Accessibility : Universal Design

I recently attended an open captioned film this weekend with a group of Deaf and Hard of Hearing friends after HLAA Conference. Viewing the film will subtitles was a vastly more enjoyable and relaxing experience. All I knew before was attending movies with typical hearing peers and resigning to the fact I would only get a percentage of the dialog and would wait till the DVD release to watch and fully understand the film. As a result, I rarely saw films in theaters, feeling cheated out of my money. With current trends in film making often includes cutaways from faces and voice over narrations, subtitles are becoming indispensable. I often rely on lipreading in less than ideal listening environments so movie going has in the past been a frustrating experience for me.

Open captions solve all these problems and benefit everyone. Currently, Deaf and Hard of Hearing patrons are required to request Open Caption showings. For other films, theaters provide caption glasses (if you’re lucky) or a bulky reflective mirror to display.

I love how this article talks about how designers can solve accessibility problems through design,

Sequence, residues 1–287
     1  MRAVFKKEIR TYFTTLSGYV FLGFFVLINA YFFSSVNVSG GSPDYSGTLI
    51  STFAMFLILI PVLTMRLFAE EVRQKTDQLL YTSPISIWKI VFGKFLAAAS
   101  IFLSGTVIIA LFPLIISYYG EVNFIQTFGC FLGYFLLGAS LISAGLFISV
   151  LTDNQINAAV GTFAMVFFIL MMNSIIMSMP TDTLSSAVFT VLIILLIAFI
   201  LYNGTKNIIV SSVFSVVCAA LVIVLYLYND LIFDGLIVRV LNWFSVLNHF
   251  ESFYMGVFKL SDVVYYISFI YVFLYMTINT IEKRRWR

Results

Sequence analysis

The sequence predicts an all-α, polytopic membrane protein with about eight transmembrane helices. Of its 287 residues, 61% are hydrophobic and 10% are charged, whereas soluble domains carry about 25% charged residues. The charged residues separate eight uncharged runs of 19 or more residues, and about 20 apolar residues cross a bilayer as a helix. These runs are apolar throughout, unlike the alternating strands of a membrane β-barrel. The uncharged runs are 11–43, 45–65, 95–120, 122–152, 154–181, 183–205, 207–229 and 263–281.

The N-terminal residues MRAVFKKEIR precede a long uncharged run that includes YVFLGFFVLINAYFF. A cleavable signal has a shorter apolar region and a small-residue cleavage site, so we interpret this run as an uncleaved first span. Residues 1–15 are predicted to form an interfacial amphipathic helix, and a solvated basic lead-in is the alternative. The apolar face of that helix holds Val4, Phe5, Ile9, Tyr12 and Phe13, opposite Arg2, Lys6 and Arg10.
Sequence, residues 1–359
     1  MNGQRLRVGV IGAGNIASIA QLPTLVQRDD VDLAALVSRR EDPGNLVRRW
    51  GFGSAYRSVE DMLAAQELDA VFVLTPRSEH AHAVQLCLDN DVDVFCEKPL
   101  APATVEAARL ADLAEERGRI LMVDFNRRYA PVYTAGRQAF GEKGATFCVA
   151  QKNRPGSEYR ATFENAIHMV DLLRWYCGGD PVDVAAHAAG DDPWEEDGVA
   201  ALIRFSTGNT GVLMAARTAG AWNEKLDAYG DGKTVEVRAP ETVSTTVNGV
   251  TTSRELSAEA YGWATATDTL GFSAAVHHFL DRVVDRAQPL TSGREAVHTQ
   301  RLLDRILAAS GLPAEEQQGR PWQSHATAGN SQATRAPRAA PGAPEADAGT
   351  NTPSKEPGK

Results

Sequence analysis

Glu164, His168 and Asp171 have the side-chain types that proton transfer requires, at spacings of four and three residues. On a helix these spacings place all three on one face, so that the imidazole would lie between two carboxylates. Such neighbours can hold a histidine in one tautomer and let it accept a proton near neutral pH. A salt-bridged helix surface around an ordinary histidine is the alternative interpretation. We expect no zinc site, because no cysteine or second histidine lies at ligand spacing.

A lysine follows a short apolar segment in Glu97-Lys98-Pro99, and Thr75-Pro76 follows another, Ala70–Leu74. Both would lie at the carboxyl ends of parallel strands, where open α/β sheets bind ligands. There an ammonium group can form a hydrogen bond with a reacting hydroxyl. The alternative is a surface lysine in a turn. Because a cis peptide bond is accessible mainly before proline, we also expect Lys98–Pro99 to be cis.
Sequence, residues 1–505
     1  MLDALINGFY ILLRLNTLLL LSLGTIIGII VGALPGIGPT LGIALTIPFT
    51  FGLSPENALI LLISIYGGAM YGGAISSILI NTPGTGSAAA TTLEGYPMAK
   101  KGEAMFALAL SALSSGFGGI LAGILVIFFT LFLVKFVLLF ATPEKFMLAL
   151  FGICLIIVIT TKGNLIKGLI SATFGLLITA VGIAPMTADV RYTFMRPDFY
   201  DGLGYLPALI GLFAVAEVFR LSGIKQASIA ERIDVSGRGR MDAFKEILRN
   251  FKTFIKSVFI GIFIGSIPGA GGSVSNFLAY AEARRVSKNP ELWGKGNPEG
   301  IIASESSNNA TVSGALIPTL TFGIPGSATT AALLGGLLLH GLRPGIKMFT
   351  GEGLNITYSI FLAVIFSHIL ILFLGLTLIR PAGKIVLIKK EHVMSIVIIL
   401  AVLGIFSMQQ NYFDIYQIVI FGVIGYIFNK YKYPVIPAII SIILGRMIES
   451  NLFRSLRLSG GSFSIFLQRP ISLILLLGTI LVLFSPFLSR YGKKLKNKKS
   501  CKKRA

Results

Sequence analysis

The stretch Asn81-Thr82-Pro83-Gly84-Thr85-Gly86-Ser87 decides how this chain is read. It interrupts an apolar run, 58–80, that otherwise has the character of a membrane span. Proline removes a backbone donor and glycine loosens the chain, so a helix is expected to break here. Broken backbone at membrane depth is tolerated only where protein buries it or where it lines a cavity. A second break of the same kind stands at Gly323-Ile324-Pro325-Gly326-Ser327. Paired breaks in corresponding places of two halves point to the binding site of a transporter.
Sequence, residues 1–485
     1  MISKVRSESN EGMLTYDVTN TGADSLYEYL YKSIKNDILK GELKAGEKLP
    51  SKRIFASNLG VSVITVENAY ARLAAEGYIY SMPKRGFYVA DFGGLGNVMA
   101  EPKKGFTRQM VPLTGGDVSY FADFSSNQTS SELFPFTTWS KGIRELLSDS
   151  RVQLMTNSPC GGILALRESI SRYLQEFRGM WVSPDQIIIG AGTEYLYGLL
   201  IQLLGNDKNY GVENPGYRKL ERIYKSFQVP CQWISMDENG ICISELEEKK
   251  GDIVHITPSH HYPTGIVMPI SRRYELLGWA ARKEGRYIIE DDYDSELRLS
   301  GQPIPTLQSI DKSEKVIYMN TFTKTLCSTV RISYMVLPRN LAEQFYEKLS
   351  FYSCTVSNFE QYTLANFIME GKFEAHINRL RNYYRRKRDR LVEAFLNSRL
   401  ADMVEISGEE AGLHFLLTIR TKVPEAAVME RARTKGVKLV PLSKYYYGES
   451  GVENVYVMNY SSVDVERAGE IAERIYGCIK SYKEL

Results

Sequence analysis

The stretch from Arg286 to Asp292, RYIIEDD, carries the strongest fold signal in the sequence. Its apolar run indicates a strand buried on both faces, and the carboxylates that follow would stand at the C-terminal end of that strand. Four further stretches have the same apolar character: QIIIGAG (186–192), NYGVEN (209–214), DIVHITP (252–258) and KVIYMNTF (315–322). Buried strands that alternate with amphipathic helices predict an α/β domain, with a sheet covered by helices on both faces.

“Inclusive design and universal design go beyond accessibility minimum requirements and attempt to provide environments, products and services that cater for everyone’s own unique abilities. One accessibility area that is constantly overlooked is captioning and audio descriptions in media.”

The article also connects open captions to the field of Universal design, defining it:

Open captions align well to the field of universal design. Universal design has been described as “the design of products and environments to be usable by all people, to the greatest extent possible, without the need for adaptation or specialized design.”
The seven principles of universal design include: Equitable use, Flexibility in use, Simple and intuitive use, Perceptible information, Tolerance for error, Low physical effort, Size and space for approach and use

Articles like these are encouraging that in the future we will have a more accessible world.